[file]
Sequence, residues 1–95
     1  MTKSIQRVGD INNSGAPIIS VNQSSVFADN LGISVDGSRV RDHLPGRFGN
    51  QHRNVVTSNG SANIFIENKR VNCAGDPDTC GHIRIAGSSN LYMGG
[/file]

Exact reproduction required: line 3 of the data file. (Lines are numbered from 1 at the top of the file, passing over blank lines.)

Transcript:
    51  QHRNVVTSNG SANIFIENKR VNCAGDPDTC GHIRIAGSSN LYMGG